Jury hears arguments for execution or prison for convicted druglord
Penalty phase of Kaboni Savage trial could last a couple of weeks.
THE FEDERAL JURY that last week convicted North Philadelphia drug kingpin Kaboni Savage of 12 counts of murder began hearing arguments yesterday for his execution or for spending what's left of his life in an 8-by-10-foot cell in a "supermax" prison in Florence, Colo.
Assistant U.S. Attorney David Troyer portrayed him as a vengeful, rage-filled, unrepentant murderer. Defense attorney William Purpura told the jurors that Savage was a victim of the mean streets after losing his father to cancer at age 13, but that he had grown into a mentor for his children and his older sister's children.
Savage, 38, clad in an olive-green, one-piece prison jumpsuit, appeared to be jotting notes during the several hours of opening statements in the penalty phase of his trial, which could last a couple of weeks. The trial began Feb. 4.
The onetime amateur boxer last week was convicted of carrying out or ordering the murders of 12 people from March 1998 to October 2004, when six relatives of Savage drug associate Eugene Coleman were murdered in a home firebombing that Savage ordered from his federal jail cell. The victims included four children.
Prosecutors successfully argued that Savage ordered the early-morning firebombing to keep Coleman from testifying against him during a drug-racketeering trial. Savage was convicted in 2005 and was sentenced in 2006 to 30 years in federal prison.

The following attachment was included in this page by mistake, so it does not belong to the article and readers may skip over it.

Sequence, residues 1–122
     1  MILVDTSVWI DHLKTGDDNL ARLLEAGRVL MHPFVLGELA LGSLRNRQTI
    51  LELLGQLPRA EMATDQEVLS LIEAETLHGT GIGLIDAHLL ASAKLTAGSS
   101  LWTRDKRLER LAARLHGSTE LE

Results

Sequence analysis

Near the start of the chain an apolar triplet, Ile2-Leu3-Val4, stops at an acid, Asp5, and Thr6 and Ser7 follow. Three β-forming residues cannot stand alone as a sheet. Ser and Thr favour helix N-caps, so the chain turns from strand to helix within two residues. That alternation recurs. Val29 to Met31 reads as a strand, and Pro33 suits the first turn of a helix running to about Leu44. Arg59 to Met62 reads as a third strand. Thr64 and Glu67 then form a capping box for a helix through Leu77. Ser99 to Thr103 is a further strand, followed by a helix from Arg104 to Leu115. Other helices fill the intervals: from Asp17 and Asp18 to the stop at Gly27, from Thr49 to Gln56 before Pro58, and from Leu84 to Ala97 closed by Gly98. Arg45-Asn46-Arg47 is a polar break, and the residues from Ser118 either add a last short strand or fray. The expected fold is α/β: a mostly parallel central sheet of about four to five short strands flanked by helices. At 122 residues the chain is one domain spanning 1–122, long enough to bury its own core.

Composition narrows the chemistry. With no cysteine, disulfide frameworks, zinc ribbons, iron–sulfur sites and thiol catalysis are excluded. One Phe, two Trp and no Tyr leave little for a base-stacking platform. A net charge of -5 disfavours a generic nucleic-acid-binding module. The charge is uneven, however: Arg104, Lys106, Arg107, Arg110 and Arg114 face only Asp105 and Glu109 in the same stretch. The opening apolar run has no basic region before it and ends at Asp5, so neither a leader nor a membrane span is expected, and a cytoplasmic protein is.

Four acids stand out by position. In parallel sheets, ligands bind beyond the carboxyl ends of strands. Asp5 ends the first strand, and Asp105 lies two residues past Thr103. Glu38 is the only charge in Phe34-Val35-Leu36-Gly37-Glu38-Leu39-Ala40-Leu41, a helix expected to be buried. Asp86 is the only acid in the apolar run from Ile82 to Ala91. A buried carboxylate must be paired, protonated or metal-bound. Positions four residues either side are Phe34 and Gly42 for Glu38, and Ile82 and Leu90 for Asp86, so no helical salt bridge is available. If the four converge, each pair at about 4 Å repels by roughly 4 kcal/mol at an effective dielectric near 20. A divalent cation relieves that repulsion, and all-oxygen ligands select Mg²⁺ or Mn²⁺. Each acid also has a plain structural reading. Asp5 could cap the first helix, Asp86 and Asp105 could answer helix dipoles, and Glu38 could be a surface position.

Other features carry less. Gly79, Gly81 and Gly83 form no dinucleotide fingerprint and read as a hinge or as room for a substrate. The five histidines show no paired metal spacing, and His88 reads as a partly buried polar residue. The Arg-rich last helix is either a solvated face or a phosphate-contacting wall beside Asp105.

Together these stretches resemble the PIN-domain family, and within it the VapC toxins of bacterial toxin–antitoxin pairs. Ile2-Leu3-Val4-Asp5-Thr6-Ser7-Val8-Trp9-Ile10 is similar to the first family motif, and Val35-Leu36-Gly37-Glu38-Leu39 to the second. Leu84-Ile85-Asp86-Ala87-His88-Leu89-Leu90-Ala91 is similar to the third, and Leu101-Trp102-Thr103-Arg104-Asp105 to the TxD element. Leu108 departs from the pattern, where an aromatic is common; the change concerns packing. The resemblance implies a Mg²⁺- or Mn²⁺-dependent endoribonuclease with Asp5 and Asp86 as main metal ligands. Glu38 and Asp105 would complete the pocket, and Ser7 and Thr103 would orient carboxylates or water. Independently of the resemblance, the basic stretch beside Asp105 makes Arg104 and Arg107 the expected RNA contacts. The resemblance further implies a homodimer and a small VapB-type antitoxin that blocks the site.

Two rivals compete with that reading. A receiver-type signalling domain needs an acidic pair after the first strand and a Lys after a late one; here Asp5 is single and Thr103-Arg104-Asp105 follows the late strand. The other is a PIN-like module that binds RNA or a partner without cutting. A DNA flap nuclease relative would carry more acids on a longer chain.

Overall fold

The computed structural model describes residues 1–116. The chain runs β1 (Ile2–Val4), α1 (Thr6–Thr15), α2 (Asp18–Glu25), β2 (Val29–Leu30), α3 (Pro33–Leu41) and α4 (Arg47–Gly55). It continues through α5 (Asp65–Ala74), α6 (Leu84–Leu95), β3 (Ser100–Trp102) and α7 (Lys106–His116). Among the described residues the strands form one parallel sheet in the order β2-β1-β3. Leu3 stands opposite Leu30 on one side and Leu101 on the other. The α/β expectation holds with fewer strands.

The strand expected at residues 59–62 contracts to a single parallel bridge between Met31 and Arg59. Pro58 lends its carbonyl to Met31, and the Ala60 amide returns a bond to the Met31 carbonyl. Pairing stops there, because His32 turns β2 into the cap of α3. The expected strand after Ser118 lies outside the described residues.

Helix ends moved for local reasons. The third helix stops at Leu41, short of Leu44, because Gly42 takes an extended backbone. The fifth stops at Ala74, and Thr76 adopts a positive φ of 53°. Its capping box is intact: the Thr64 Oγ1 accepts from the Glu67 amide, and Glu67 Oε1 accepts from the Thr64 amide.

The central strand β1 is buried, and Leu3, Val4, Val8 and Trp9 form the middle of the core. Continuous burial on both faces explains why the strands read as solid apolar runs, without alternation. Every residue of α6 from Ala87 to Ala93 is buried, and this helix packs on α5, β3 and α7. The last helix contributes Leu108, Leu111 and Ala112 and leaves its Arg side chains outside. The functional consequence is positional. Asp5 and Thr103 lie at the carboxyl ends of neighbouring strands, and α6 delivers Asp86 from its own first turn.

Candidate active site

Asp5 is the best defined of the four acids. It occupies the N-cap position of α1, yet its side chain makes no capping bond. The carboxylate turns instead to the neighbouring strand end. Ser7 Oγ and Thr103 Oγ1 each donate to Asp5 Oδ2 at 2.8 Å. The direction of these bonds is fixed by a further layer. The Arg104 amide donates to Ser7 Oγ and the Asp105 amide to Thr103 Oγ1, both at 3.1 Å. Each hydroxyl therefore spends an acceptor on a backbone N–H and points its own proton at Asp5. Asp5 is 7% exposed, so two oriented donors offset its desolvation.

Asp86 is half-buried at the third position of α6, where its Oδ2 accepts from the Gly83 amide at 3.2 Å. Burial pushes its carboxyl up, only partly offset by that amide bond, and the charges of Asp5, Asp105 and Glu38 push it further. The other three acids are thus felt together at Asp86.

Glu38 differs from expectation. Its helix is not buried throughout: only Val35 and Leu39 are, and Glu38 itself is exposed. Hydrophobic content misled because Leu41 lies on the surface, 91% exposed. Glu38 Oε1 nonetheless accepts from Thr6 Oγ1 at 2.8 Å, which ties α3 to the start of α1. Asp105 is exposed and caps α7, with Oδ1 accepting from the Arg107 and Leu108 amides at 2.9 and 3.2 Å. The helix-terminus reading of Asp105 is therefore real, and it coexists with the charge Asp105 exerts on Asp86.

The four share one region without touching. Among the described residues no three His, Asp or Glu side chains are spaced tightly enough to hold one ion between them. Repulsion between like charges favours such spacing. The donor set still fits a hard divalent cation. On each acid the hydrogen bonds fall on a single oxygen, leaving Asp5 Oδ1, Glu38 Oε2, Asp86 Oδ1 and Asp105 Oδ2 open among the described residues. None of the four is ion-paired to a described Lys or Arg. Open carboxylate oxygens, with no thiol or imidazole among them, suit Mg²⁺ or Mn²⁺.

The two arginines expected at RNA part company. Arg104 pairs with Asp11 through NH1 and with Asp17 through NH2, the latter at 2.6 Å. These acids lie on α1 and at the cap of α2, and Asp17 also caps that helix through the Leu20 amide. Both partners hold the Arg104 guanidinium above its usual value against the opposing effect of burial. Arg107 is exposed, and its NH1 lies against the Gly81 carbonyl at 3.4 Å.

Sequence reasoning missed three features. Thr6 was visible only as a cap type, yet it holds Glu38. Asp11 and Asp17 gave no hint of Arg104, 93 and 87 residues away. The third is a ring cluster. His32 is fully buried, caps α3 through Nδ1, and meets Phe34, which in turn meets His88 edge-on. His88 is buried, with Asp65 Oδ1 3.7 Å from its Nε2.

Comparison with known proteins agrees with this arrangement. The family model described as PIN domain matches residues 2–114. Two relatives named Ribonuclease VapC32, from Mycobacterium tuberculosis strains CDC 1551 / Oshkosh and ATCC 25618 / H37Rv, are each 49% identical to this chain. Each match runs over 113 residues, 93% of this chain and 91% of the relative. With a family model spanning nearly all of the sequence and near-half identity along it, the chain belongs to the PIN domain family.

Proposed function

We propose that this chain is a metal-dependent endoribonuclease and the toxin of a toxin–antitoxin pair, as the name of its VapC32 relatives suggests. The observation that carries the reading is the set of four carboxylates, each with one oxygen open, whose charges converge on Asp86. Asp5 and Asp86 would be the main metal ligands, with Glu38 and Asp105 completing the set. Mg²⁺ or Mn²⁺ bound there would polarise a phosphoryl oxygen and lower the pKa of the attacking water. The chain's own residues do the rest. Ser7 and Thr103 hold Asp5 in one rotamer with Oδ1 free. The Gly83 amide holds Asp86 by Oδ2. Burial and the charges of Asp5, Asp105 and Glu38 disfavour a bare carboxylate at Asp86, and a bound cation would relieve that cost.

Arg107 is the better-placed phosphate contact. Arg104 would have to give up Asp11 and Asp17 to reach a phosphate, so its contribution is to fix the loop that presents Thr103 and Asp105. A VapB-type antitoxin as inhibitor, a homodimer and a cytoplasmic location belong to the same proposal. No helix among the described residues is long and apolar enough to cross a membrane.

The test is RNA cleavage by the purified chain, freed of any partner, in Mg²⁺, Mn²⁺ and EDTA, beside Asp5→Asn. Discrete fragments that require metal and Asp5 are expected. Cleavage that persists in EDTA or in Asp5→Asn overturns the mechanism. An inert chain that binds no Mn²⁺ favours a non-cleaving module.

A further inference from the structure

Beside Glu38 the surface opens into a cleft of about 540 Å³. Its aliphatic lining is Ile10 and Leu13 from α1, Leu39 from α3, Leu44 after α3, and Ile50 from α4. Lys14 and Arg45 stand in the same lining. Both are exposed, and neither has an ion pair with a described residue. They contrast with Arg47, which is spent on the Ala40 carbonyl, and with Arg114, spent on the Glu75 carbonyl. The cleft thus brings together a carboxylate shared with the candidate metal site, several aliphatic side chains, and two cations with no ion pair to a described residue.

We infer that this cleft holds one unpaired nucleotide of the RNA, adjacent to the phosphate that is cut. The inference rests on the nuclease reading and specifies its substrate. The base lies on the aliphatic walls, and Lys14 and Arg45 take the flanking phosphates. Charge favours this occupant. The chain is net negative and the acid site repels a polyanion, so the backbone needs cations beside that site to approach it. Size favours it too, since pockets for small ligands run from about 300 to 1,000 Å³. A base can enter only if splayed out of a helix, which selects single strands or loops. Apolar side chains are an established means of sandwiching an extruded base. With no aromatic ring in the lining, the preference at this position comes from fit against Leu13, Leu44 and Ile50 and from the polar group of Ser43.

"He slaughtered and burned up children just to get back at a witness. Then he laughed about it," said Troyer, who reminded the jurors of the numerous jail phone calls they heard during the trial of Savage ranting and raving about killing his "rat" drug rivals, their mothers and children.
Among the eight statutory aggravating factors that prosecutors presented to justify a death sentence were: the cruel and depraved manner of the murders, that he paid others to commit some of the killings, that some of his victims were defenseless children, that all 12 murders were planned and premeditated and that he killed multiple victims during one criminal act.
U.S. District Judge R. Barclay Surrick read to the jury a list of 25 mitigating factors that the defense will present in arguing for a life sentence.
They included: that others who participated in the Coleman murders are not facing death sentences; that at age 13 Savage lost his father and protector to lung cancer; that after his father's death, he fell under the sway of a half brother and a family friend who were drug dealers; that he was raised in a North Philly neighborhood plagued by drugs and violence; and that while behind bars he has not harmed another inmate or guard nor tried to escape.
"This is not an excuse, but it's the whole story," Purpura said of the reasons why Savage should get a life sentence instead of death.